Beasts of the Southern Wild is one beast of a movie. Produced by a bunch of old buddies that formed the loose collective Court 13 (which also produced Death to the Tinman), and directed by Behn Zeitlin, the film demonstrates the potential of independent films, as well as revealing its influence on audiences today. In the IFP Q&A video embedded below, the producers of the film go into detail explaining just how demanding and ambitious every phase of production was, and how the team managed to come out the other side with the movie we see today. Based on that video, we've got a list of five potential obstacles that could have derailed the film, but actually ended up working in its favor.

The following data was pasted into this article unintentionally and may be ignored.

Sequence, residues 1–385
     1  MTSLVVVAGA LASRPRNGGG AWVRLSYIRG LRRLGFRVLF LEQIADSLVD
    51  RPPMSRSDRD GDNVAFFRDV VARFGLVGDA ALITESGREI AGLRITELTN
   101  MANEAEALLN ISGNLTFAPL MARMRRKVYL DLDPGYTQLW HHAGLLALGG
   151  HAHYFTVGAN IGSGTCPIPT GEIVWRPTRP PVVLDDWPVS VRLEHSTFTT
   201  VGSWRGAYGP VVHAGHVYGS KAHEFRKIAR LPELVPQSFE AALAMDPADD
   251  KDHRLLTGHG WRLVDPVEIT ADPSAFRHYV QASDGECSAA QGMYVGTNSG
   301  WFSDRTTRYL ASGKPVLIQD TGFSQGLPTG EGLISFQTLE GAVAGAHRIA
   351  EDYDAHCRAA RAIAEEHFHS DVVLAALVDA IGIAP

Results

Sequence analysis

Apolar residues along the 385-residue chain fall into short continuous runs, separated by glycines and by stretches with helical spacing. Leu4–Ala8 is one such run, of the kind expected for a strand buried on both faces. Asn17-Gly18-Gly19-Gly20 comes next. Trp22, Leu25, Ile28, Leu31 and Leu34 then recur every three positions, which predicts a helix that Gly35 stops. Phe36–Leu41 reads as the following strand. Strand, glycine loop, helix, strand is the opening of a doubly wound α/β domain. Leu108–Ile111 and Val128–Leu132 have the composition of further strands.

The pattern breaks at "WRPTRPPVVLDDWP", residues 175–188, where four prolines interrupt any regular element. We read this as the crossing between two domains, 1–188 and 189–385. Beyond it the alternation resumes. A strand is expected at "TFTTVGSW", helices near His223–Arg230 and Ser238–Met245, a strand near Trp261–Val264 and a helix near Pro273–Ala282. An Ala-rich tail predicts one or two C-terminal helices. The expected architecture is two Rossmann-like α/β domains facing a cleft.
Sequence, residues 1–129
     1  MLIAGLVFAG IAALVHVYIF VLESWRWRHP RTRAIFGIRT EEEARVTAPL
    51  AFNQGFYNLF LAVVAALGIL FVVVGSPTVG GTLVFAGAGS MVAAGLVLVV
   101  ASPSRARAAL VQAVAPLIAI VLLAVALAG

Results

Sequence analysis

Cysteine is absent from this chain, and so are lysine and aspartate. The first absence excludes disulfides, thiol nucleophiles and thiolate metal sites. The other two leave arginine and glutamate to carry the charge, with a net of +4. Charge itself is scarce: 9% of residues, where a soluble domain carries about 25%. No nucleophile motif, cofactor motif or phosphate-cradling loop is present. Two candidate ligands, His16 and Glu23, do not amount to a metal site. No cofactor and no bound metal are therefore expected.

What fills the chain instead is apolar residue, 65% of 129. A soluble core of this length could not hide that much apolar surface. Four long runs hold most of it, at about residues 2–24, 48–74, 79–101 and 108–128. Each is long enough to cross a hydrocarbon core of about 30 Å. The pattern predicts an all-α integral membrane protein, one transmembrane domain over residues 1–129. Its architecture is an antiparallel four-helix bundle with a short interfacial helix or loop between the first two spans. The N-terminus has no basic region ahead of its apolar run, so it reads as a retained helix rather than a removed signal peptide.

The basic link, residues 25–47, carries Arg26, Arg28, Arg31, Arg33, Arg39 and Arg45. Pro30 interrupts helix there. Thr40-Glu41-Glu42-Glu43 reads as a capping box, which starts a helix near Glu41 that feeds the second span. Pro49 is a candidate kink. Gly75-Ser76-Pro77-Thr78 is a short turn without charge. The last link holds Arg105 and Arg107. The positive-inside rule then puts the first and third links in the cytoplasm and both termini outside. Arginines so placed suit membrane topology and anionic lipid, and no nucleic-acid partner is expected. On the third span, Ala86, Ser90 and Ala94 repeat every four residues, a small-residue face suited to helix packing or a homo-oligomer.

Half of the nominations for the Big Eight awards at the Oscars were for independent films, and half of those nominations went to Beasts: Best Picture, Best Director for Behn Zeitlin, Best Actress for Quvenzhané Wallis, and Best Adapted Screenplay for Lucy Alibar and Behn Zeitlin. After watching the video, all I could think about was, "How on Earth did this film that used to be a short film that used to be a play, which was wrought with so many challenges and setbacks, rise up and attain such success?" Then, it became clear that it was the challenges and setbacks themselves that helped this fantasy drama about a strong little girl named Hushpuppy earn its success. So, based on the filmmakers' accounts, here's a list of five potential obstacles that ended up working in the film's favor:
1. It's an indie film.